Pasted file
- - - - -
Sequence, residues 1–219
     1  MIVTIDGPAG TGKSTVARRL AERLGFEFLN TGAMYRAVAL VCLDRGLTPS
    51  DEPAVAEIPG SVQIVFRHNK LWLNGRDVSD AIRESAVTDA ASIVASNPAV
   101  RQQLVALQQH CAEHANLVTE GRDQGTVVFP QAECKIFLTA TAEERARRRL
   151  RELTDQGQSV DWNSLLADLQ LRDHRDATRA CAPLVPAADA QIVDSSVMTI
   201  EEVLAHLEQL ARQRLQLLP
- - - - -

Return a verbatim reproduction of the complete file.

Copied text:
Sequence, residues 1–219
     1  MIVTIDGPAG TGKSTVARRL AERLGFEFLN TGAMYRAVAL VCLDRGLTPS
    51  DEPAVAEIPG SVQIVFRHNK LWLNGRDVSD AIRESAVTDA ASIVASNPAV
   101  RQQLVALQQH CAEHANLVTE GRDQGTVVFP QAECKIFLTA TAEERARRRL
   151  RELTDQGQSV DWNSLLADLQ LRDHRDATRA CAPLVPAADA QIVDSSVMTI
   201  EEVLAHLEQL ARQRLQLLP